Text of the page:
Remember to make a posting schedule for each social platform you use. How often you should post on Facebook won’t be the same as how often you should post on a more quick-paced platform, like Twitter.
According to some studies, here’s an idea of how often you should post on your business’s social media pages:
• Facebook: 1-2 times per day
• Twitter: 5-10 times per day
• Pinterest: 5-30 pins per day
• LinkedIn 1 time per day
• Instagram: 1-2 times per day
Perhaps you’re thinking, Where’s the other part of this equation, Susie? Shouldn’t a posting schedule show me when to post?
Don’t worry, I haven’t forgotten about the importance of when you post. Part of having good etiquette (and ROI) is knowing when to get in front of your audience.
One study found that, globally, people are consistently most engaged:
• Facebook: Monday-Friday, 9 a.m. – 3 p.m.
• Twitter: Monday-Friday, 8 a.m. – 4 p.m.
• LinkedIn Tuesday-Friday, 8 a.m. – 2 p.m.
Keep in mind that when you post and how often you post may depend on your business. Pay attention to social media analytics to learn when your audience engages with your content most. And, don’t be afraid to A/B test.
3. Have a consistent voice
You might have two, four, nine, or even 20 different people managing your business’s social media accounts. But regardless of who is posting or responding, you need a consistent voice.
I’ve seen some businesses use a signoff from their employees, which adds a nice personalization touch (e.g., “Thanks for contacting us! –Sally). I’m not saying anything against doing this. But, your business’s brand should be consistently represented.
The employees who run your business’s social media pages must understand that your business accounts aren’t their personal accounts.
Vocabulary should reflect that (ahem, no need for “your business” to be swearing like a sailor on social media).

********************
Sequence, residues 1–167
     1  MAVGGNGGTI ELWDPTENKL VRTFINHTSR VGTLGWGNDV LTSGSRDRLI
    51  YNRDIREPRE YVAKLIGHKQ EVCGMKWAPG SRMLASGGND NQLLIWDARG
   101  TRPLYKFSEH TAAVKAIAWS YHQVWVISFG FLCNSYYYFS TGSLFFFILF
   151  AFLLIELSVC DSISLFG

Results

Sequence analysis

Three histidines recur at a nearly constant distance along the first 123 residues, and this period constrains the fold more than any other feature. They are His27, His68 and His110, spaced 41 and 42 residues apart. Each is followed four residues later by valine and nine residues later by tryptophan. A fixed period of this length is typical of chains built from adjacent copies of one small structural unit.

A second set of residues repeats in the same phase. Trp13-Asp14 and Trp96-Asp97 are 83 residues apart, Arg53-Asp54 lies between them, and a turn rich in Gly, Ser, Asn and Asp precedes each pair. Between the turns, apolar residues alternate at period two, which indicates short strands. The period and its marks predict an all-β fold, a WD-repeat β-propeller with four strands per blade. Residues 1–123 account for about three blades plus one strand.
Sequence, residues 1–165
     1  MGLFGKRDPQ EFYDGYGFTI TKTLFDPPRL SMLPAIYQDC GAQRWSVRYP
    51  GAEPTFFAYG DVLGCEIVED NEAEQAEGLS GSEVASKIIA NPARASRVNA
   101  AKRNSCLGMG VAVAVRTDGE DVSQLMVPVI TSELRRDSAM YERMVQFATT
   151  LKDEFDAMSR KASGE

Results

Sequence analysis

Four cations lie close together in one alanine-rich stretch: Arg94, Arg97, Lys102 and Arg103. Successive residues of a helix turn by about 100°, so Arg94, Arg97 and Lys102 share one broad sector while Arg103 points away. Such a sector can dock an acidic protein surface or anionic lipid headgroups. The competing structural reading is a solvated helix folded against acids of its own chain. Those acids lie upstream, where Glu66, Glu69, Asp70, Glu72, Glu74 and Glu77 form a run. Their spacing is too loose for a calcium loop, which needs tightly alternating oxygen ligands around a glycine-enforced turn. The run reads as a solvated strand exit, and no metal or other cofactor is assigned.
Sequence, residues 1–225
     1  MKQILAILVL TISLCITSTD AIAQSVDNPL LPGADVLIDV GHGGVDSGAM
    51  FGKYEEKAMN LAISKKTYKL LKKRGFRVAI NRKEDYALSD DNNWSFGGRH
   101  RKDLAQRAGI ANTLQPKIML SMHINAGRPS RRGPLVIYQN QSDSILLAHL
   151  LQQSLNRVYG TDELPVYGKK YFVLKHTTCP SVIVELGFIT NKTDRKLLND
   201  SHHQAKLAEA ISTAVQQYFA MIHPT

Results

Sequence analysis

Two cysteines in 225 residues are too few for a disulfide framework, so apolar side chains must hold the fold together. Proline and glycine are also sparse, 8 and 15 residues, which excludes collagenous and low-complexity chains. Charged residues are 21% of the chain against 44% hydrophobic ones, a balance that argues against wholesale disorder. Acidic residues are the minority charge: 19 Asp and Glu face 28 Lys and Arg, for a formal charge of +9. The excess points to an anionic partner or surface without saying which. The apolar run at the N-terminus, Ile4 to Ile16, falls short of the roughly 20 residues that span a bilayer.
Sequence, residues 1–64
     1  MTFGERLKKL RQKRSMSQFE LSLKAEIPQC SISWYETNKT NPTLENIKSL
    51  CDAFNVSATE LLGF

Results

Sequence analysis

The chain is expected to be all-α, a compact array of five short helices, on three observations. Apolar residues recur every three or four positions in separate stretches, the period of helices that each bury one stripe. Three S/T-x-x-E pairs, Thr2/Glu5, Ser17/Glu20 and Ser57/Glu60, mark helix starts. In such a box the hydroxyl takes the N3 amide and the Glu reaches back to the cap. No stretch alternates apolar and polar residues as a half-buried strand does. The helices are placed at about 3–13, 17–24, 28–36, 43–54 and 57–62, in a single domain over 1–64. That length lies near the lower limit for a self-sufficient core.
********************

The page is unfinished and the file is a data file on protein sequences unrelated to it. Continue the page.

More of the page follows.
Social media followers should expect seamless interactions with your business, regardless of what day they engage with you.
Just imagine the confusion if something like this happened on social media:
• Customer 1 (Monday morning): “Hello! I had an issue with something I recently purchased. What should I do?”
◦ Business: “I’m sorry to hear about your issue. We’ll be more than happy to return or exchange it with your receipt. We look forward to seeing you soon and making this right! Thank you.”
• Customer 2 (Tuesday morning): “Hello! I had an issue with a recent purchase. What should I do?”
◦ Business: “If you want to return it, we need a receipt.”
Two employees. Two different responses. But your business’s name is listed as the responder for both. Keep that in mind when letting your employees know about the importance of consistency.
4. Communicate similarly to how you would in person.
The last guideline I’ll leave you with is pretty obvious: treat customers on social media how you treat them in person. This means four things:
1 Be nice
2 Be professional
3 Be quick to answer comments, questions, and concerns
4 Be personable
You may be communicating with someone online, but that doesn’t mean you should forget your manners. One instance of poor judgment could live on forever…
Happy Tweeting! And Facebooking. And LinkedIn.
You get the picture—happy social networking.